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Fixed it : violence and the representation of women in the media / Jane Gilmore.

By: Gilmore, Jane.
Material type: materialTypeLabelBookPublisher: [Hawthorn, Victoria] : Viking, an imprint of Penguin Books, 2019Copyright date: ©2019Description: 280 pages ; 24 cm.Content type: text Media type: unmediated Carrier type: volumeISBN: 9780143795506 (paperbck).Subject(s): Women -- Violence against | Violence in mass mediaDDC classification: 362.88082 Summary: On average, one woman is murdered by her current or former partner in Australia every week. One in three Australian women has experienced physical violence since the age of 15. One in five Australian women has experienced sexual violence. These stories and these names soak into our culture, Jill Meagher, Eurydice Dixon, Aiia Maasarwe. But what can we do to stem the tide of violence and tragedy? Finally, we are starting to talk about this epidemic of gendered violence, but we are still doing so in a way that can be clumsy and harmful. Victim blaming, passive voice and over-identification with abusers continue to be hallmarks of reporting on this issue. And, with newsrooms drastically and regularly cutting staff and resources, and new business models driven by clicks more than in-depth reportage, it’s difficult for both readers and journalists to see that. Fixed It demonstrates the myths that we're unconsciously sold about violence against women, and undercuts them in a clear and compelling way. This is a bold, powerful look at the stories we are told, and the stories we tell ourselves, about gender and power, and a call to action for all of us to think harder and do better.
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Non-Fiction Davis (Central) Library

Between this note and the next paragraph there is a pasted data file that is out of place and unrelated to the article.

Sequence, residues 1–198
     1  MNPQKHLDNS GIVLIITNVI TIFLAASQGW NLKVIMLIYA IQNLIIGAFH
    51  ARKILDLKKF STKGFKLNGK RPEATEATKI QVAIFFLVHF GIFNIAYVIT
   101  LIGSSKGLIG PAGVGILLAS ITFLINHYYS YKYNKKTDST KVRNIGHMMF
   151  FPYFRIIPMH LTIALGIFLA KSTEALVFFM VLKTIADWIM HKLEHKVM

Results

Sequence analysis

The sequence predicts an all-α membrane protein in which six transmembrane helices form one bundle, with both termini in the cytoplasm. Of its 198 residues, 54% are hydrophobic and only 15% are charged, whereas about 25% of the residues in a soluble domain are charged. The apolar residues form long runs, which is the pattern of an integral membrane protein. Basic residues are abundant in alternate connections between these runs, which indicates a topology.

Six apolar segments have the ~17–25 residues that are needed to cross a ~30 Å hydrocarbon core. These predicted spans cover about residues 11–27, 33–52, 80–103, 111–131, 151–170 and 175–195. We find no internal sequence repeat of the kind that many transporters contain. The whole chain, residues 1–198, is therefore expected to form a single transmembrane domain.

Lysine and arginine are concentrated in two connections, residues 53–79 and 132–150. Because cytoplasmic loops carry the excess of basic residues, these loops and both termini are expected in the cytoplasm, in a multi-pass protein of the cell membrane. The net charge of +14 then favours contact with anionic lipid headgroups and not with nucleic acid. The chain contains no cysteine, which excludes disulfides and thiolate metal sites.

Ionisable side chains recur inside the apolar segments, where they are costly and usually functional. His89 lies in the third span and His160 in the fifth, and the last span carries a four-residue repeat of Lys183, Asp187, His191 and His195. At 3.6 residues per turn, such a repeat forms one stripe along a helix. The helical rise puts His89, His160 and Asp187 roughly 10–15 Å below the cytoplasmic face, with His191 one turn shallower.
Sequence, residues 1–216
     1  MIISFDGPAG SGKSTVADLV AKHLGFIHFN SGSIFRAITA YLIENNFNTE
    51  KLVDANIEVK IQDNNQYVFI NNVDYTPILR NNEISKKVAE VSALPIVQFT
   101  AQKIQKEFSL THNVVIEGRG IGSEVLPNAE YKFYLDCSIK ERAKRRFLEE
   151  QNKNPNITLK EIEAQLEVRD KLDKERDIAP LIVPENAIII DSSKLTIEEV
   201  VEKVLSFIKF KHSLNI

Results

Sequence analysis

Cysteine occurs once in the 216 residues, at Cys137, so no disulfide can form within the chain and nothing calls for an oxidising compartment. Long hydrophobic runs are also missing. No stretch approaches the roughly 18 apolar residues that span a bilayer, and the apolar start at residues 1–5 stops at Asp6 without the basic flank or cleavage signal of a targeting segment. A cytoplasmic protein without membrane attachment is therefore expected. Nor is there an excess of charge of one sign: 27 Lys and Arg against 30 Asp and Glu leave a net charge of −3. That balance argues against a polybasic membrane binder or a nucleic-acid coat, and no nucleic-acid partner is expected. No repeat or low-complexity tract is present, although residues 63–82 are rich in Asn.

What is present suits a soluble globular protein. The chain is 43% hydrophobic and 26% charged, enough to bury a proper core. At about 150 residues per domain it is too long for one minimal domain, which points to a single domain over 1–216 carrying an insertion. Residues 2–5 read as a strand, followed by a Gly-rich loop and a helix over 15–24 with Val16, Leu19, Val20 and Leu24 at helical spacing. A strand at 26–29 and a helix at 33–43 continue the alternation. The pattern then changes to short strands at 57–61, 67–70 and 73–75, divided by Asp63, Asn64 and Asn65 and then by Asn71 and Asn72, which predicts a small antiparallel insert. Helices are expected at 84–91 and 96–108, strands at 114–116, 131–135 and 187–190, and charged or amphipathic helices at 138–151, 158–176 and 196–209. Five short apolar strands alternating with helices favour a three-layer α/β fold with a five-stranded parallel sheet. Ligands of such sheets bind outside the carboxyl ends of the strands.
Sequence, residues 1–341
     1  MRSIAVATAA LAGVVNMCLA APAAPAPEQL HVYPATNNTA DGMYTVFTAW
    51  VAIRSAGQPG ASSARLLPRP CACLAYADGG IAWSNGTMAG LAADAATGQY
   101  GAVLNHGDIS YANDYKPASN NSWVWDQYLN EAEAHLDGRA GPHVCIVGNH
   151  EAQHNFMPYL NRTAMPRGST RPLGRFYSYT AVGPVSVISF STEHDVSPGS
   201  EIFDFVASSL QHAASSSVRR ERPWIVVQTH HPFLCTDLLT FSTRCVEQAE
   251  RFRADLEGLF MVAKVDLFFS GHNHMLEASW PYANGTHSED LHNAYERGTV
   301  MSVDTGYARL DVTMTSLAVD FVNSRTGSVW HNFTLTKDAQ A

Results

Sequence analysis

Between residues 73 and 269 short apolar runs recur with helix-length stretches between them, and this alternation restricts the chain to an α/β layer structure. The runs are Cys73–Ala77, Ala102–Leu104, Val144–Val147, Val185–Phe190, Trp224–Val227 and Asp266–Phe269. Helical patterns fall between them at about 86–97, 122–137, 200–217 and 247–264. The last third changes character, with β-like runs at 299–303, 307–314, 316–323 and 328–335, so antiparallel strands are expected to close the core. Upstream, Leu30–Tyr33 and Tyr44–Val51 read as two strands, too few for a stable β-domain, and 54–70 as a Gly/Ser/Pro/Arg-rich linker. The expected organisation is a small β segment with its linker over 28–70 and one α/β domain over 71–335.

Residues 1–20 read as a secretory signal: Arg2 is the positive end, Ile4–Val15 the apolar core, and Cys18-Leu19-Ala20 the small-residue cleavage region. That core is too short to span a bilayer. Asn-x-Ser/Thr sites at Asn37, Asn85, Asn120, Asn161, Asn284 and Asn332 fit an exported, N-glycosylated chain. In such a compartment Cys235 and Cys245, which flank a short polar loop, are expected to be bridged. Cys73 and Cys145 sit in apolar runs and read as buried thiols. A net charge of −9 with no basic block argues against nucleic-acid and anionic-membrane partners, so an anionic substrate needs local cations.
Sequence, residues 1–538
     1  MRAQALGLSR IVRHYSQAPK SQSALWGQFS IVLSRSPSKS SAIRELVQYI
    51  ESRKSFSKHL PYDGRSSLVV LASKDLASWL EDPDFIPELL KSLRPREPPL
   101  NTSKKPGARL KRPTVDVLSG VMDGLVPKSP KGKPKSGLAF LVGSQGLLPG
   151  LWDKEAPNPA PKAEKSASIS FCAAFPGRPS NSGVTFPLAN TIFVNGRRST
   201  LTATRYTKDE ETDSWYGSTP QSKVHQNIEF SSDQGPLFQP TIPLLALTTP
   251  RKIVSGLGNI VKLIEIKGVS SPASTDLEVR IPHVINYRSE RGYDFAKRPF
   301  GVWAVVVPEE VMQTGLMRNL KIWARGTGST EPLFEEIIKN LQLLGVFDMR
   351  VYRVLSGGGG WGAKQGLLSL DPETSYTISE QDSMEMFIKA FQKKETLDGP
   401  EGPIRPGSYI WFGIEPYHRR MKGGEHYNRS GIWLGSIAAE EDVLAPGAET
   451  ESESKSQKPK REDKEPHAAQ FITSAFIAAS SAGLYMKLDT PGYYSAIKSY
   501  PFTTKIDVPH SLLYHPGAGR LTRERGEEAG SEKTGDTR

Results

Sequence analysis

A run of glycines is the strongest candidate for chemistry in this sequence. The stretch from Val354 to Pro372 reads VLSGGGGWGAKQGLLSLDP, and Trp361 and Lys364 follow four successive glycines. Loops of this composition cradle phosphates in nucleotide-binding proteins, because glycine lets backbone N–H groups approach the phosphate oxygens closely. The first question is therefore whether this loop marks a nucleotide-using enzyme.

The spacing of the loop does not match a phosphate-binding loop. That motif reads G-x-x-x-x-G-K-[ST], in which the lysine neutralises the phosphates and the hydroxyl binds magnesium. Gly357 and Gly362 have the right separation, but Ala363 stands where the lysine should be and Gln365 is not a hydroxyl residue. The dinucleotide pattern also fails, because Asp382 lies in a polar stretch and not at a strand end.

Non-Fiction (NEST)
Non-Fiction (NEST) 362.88 GIL Available

Enhanced descriptions from Syndetics:

On average, at least one woman is murdered by a current or former partner every week in Australia. Far too many Australian women have experienced physical or sexual violence. Only rarely do these women capture the attention of the media and the public. What can we do to stem the tide of violence and tragedy?

Finally, we are starting to talk about this epidemic of gendered violence, but too often we are doing so in a way that can be clumsy and harmful. Victim blaming, passive voice and over-identification with abusers continue to be hallmarks of reporting on this issue. And, with newsrooms drastically cutting staff and resources, and new business models driven by rapid churn and the 24 hour news cycle journalists and editors often don't have the time or resources bring new ways of thinking into their newsrooms.

Fixed It demonstrates the myths that we're unconsciously sold about violence against women, and undercuts them in a clear and compelling way. This is a bold, powerful look at the stories we are told - and the stories we tell ourselves - about gender and power, and a call to action for all of us to think harder and do better.

On average, one woman is murdered by her current or former partner in Australia every week. One in three Australian women has experienced physical violence since the age of 15. One in five Australian women has experienced sexual violence. These stories and these names soak into our culture, Jill Meagher, Eurydice Dixon, Aiia Maasarwe. But what can we do to stem the tide of violence and tragedy? Finally, we are starting to talk about this epidemic of gendered violence, but we are still doing so in a way that can be clumsy and harmful. Victim blaming, passive voice and over-identification with abusers continue to be hallmarks of reporting on this issue. And, with newsrooms drastically and regularly cutting staff and resources, and new business models driven by clicks more than in-depth reportage, it’s difficult for both readers and journalists to see that. Fixed It demonstrates the myths that we're unconsciously sold about violence against women, and undercuts them in a clear and compelling way. This is a bold, powerful look at the stories we are told, and the stories we tell ourselves, about gender and power, and a call to action for all of us to think harder and do better.